• Expense: Although it is possible to create and run a crowdfunding campaign for free, it is very difficult. Creating content for your campaign can be very expensive and time-consuming. Having a professional introduction video, for example, can cost upwards of €7,000.
  • Fees: A final downside of using crowdfunding sites such as Kickstarter and Indiegogo is the fees. Generally, the fee is about 8-9% of the total funding raised, broken down into 5% for using the platform and 3-4% for transferring the money.

Conclusion:

Crowdfunding can be an invaluable tool for creatives to bring their projects to life but it is not without its drawbacks. Whether it is right for your product depends on a range of factors, such as the type of product, time frames, funding amount, and more. But ultimately it’s up to the creator to decide whether or not the pros outweigh the cons. If you want to find out more about crowdfunding click here to check out our crowdfunding tips.

Top failures in the manufacturing of Kickstarter projects

Top failures in the manufacturing of Kickstarter projects

Starting a crowdfunding campaign on platforms like Kickstarter and  Indiegogo have proven to be a fruitful way for start-ups to gather funds for concepts. However, high profile failures draw a lot of attention in the crowdfunding world. When looking at past Kickstarter campaigns it is hard to ignore the very publicized large-scale failures that have taken place over the years. Nobody wants to disappoint their backers, but the reality is that it happens all too often. Below we will break down some of the largest failures, the mistakes they made and how to avoid them.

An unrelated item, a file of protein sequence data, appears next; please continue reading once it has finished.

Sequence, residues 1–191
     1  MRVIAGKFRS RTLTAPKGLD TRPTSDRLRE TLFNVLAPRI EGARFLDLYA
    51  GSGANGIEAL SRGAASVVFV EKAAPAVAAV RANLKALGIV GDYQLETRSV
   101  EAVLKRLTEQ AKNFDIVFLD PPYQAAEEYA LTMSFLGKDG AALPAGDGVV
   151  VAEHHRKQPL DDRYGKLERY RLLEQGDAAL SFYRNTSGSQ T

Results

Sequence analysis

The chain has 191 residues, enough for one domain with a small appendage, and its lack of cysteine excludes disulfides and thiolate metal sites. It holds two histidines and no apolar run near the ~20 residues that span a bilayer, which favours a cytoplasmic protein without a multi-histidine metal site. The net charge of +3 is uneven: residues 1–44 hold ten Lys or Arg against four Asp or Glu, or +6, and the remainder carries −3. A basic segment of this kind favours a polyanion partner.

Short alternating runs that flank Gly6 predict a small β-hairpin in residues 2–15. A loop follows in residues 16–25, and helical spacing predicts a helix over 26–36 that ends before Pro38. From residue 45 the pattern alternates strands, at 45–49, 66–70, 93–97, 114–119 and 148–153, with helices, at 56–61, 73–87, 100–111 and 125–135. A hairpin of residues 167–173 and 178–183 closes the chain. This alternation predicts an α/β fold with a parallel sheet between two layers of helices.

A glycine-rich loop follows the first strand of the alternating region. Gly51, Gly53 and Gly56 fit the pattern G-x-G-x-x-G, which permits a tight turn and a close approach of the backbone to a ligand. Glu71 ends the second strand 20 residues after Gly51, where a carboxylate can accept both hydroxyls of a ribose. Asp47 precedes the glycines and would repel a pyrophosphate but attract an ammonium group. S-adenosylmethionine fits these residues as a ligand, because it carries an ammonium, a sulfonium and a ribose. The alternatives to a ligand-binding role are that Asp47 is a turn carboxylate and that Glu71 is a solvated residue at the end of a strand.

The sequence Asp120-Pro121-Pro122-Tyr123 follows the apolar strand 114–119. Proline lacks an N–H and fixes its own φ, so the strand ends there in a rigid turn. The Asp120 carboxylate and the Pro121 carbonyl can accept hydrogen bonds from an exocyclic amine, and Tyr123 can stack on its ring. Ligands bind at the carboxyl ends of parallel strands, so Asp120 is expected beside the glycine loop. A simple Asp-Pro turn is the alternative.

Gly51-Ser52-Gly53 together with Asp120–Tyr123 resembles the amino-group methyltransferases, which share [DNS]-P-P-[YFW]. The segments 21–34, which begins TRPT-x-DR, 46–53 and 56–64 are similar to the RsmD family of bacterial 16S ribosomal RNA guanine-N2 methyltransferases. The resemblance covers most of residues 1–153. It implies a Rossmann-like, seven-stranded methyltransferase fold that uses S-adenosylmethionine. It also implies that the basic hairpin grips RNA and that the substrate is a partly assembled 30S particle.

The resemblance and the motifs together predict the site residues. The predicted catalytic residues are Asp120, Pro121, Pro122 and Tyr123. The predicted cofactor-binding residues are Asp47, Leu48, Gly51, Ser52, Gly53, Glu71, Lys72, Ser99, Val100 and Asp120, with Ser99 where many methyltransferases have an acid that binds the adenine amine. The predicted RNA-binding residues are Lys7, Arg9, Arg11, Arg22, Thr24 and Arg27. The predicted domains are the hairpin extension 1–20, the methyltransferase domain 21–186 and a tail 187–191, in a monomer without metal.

First example; the Zano Drone became Europe’s largest Kickstarter, raising over $2.3 million in funding only to file for bankruptcy later that year after shipping less than 4% of the 15,000 orders. The drones that were shipped were riddled with glitches, bugs and hardware issues. According to the creators, design upgrades suggested by backers during the Kickstarter campaign presented extra technical challenges and lead to delays and higher costs than anticipated. In addition to that, the company ran into some unforeseen tolerance problems that affected a large volume of their production units, causing problems in the calibration of the units. The product was not performing, and the board had to pull the plug. The main takeaway here is ensuring that you and your team have the necessary technical expertise to take on the challenge of bringing your product to market.

Another similar example would be the CST-01 watch. A 0.8mm flexible wristwatch with an E Ink display that advertised as the worlds thinnest watch. The project raised over $1milion from 8,000 backers, but nearly two years after it was supposed to be delivered, the project announced that they had parted from their production partner were unable to fulfill the rest of their orders. The company credits their failures to problems with their production partner and the complexity of manufacturing a product of the 0.8mm thickness. The cautionary tale highlights the importance of the right production partner. Being dependent on a single supplier is a huge risk.